Let’s say by this point, you have determined that you do not have to offer FMLA for your small business employees. Before checking this off your to-do list, there is still another critical area to check to cover all your basis, and that is looking into your state laws.
Each state can establish their own laws, which can include mandatory leave time. For example, starting in 2021, Massachusetts will allow all employees job-protected absence for specific medical and family reasons, utterly separate from the federal laws. In addition, even though FMLA is generally unpaid, some states may enact regulations for employers to provide pay or wage replacement benefits under a state or local law. In order to assess if you are compliment with both federal and state laws, check out each state’s family and medical leave laws to know what your state demands so you can implement accordingly.
FMLA’s Impact on Your Small Business
It is no secret that adding, or even deducted anything from your business rhythm will affect it in some way or another. As for FMLA, this has a tremendous impact on businesses in many different ways, both positive and negative. To give you some more insight into what your business could face, here are some of the main ways FMLA may impact your small business.
If you have very few employees (say you qualified for FMLA due to staff fluctuation), and someone goes out for 12 weeks, it could increase the workload on you and your staff. This can be stressful for everyone, so be prepared and have a plan in place on how to equitably distribute the extra work, so no one gets burnt out.
If you offer paid leave, even for part of the FMLA duration, it will undeniably affect your cash flow. As mentioned before, this benefit is generally unpaid, but if your state requires any of it to be reimbursed, then this is something you need to plan for to avoid challenging money periods. Realize this is a potential risk and budget accordingly to help relieve the impact.
As a business owner, you are already extremely busy and juggling many balls at once. If FMLA does, in fact, apply to you, be ready for an increased amount of paperwork and regulations to follow. You will have to organize informative and essential paperwork, from employee pre and post forms, notification requirements, and preparing for audits. Even with adding more work to your plate, you will adjust over time, and it will not feel as overwhelming as you get more involved and accustomed.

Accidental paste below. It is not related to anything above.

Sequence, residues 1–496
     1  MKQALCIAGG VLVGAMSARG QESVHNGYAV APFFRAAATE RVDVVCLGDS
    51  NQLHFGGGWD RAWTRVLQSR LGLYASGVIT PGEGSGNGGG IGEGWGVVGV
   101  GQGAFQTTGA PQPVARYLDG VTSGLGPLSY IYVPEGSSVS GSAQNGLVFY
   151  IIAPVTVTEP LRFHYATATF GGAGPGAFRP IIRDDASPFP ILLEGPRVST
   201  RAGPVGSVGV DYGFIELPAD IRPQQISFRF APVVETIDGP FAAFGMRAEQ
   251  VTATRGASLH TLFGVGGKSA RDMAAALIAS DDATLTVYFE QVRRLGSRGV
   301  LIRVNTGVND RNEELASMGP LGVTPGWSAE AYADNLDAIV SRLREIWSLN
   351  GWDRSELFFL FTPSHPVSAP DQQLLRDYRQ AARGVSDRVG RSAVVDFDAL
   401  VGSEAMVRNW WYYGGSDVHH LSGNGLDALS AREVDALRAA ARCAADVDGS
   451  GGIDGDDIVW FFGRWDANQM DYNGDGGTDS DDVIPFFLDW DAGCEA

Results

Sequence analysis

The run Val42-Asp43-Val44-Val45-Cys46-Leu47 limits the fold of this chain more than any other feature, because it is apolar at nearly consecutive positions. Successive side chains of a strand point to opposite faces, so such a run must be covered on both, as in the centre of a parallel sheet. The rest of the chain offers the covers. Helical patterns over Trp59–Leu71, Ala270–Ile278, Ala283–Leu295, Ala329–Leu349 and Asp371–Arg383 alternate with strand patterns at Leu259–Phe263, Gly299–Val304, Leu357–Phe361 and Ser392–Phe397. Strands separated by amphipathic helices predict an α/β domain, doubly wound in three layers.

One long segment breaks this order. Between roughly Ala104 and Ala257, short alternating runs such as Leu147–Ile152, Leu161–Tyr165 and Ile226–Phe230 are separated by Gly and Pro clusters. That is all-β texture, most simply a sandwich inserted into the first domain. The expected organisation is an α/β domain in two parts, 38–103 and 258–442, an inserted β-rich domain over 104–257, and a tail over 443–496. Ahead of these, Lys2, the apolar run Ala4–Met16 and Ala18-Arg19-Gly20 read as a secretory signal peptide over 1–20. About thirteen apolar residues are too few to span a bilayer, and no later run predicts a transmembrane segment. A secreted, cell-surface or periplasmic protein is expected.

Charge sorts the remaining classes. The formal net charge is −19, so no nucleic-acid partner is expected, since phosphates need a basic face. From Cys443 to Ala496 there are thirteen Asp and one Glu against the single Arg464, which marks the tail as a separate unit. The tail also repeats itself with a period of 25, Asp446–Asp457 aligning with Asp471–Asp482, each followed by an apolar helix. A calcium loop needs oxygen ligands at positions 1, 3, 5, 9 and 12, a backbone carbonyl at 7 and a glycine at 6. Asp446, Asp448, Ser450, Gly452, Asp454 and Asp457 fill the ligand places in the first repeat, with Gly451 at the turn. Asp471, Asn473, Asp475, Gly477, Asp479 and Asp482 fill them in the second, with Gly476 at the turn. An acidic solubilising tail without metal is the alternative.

Not everything about FMLA is a bad thing. When you offer this benefit it provides a better atmosphere and peace of mind for your employees that they have the option to take medical leave if the situation ever arose. This could lead to a more loyal and motivated staff, which will develop better business efficiency.
Owning a small business can be stressful, especially when you are trying to make sure you are compliant with laws and regulations. A large part of that is FMLA. This is an area that every small business and startup owner needs to understand and get acquainted with. If you do qualify, you need to ensure that you know what steps to take to follow the federal laws and be aware of the impact it could have on your business. The lack of knowledge can lead to expensive lawsuits that you will most certainly want to avoid. This is why it is vital to take the proper measures to really dive into FMLA details to find out if you are subjected to it or not, so you can stay on top of your business functionality and remain compliant.